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Well, the jobs report is out.  And it's a mixed bag.  On the one hand, the BLS reports that 163,000 jobs were created in July, exceeding the expectations of 100,000 jobs most analysts predicted.

BUT, the unemployment rate climbed to 8.3%

Guess what will be the headline?

Some tidbits from the BLS report:

Total nonfarm payroll employment rose by 163,000 in July, and the unemployment rate
was essentially unchanged at 8.3 percent, the U.S. Bureau of Labor Statistics reported
today. Employment rose in professional and business services, food services and drinking
places, and manufacturing.
Here's the information about the unemployment rate:
Both the number of unemployed persons (12.8 million) and the unemployment rate (8.3
percent) were essentially unchanged in July. Both measures have shown little movement
thus far in 2012. (See table A-1.)

Among the major worker groups, the unemployment rate for Hispanics (10.3 percent) edged
down in July, while the rates for adult men (7.7 percent), adult women (7.5 percent),
teenagers (23.8 percent), whites (7.4 percent), and blacks (14.1 percent) showed little
or no change. The jobless rate for Asians was 6.2 percent in July (not seasonally
adjusted), little changed from a year earlier. (See tables A-1, A-2, and A-3.)

In July, the number of long-term unemployed (those jobless for 27 weeks and over) was
little changed at 5.2 million. These individuals accounted for 40.7 percent of the
unemployed. (See table A-12.)

Both the civilian labor force participation rate, at 63.7 percent, and the employment-
population ratio, at 58.4 percent, changed little in July. (See table A-1.)

The number of persons employed part time for economic reasons (sometimes referred to as
involuntary part-time workers) was essentially unchanged at 8.2 million in July. These
individuals were working part time because their hours had been cut back or because
they were unable to find a full-time job. (See table A-8.)

In July, 2.5 million persons were marginally attached to the labor force, down from 2.8
million a year earlier. (These data are not seasonally adjusted.) These individuals were
not in the labor force, wanted and were available for work, and had looked for a job
sometime in the prior 12 months. They were not counted as unemployed because they had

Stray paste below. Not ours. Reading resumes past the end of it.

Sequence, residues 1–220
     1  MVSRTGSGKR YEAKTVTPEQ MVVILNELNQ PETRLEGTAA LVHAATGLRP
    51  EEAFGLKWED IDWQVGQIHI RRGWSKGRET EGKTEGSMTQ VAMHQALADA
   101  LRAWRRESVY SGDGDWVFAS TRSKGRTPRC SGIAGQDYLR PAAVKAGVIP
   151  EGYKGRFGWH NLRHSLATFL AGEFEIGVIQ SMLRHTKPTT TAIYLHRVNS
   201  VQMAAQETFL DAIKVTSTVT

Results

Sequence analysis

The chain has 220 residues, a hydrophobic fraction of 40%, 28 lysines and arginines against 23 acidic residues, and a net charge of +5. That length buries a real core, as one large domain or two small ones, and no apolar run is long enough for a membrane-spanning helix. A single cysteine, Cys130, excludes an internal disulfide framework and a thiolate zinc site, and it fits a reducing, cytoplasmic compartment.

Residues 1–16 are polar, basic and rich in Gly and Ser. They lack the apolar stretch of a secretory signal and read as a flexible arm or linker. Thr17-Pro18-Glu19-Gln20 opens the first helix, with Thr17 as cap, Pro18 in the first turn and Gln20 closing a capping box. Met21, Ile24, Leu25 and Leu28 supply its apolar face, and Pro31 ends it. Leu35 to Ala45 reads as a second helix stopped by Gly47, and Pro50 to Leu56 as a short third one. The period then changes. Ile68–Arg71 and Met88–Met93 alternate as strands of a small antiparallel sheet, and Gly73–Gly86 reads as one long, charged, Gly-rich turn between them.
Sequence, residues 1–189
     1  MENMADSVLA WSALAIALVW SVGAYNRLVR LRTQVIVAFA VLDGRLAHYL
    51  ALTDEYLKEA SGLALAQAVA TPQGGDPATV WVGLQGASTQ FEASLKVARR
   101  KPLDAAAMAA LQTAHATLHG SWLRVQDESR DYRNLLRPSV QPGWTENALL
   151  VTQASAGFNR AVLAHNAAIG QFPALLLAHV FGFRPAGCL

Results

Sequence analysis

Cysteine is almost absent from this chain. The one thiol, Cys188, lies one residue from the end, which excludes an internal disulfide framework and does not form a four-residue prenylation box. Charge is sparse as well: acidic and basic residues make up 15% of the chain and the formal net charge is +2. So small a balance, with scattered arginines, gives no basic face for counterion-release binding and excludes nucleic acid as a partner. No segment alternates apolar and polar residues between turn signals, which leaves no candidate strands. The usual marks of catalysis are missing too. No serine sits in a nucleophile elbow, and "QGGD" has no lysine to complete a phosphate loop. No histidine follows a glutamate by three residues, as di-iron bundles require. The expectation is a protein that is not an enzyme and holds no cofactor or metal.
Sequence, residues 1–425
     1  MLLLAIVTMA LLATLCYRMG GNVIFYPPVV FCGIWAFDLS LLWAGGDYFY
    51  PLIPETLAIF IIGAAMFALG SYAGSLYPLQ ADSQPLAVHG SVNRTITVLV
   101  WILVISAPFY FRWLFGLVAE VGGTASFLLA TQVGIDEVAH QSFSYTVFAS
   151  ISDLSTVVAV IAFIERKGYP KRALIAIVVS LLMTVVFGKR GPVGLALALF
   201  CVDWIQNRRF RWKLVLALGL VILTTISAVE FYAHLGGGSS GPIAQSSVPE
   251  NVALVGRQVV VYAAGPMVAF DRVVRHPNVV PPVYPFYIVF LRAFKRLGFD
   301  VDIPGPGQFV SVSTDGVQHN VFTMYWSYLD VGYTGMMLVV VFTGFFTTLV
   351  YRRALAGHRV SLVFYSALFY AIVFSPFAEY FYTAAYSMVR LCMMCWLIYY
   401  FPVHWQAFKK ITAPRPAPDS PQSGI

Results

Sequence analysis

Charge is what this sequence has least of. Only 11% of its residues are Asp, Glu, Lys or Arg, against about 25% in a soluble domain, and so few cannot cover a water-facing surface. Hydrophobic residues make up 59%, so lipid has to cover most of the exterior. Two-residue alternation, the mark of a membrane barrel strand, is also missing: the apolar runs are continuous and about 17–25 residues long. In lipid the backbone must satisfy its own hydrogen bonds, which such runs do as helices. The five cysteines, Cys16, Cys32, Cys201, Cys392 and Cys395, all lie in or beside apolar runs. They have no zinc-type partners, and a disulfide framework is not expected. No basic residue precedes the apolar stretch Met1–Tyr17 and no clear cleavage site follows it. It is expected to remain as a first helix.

not searched for work in the 4 weeks preceding the survey. (See table A-16.)

Among the marginally attached, there were 852,000 discouraged workers in July, a decline
of 267,000 from a year earlier. (These data are not seasonally adjusted.) Discouraged
workers are persons not currently looking for work because they believe no jobs are
available for them. The remaining 1.7 million persons marginally attached to the labor
force in July had not searched for work in the 4 weeks preceding the survey for reasons
such as school attendance or family responsibilities.

BLS also reported 8000 utility jobs lost, but that was due to the ConEd strike.

The biggest gains were in manufacturing and in health care.

So all the news networks will ignore the jobs created and focus on the slight upward tick in unemployment, calling it a "devastating" report, and basically saying that the bread lines are forming.  

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Comment Preferences

  •  Tip Jar (10+ / 0-)

    "Nothing in all the world is more dangerous than sincere ignorance and conscientious stupidity." --M. L. King "You can't fix stupid" --Ron White -6.00, -5.18

    by zenbassoon on Fri Aug 03, 2012 at 05:59:12 AM PDT

  •  Employment up in manufacturing... (6+ / 0-)

    great!  Obama needs to push the auto industry success more and throw in the Romney quote "I'll take credit for that" just for comedic effect.

    The more you learn the less you know.

    by quiet in NC on Fri Aug 03, 2012 at 06:09:04 AM PDT

  •  Bad report, the rethugs say 'SEE, I told ya'..... (2+ / 0-)
    Recommended by:
    doroma, zenbassoon

    Good report, the rethugs say 'SEE, I told ya.'

  •  MSNBC had a breaking news banner (2+ / 0-)
    Recommended by:
    zenbassoon, FloridaSNMOM

    of the unemployment rate creeping up to 8.3%.

  •  You can't sugar coat the employment crisis (5+ / 0-)

    The government's most widely publicized unemployment rate measures only those who are out of a job and currently looking for work. It does not count discouraged potential employees who have quit looking, nor those who are underemployed — wanting to work full-time but forced to work part-time.

    For that count, the government releases a separate number called the "U-6," which provides a more complete tally of how many people really are out of work.

    The numbers in some cases are startling.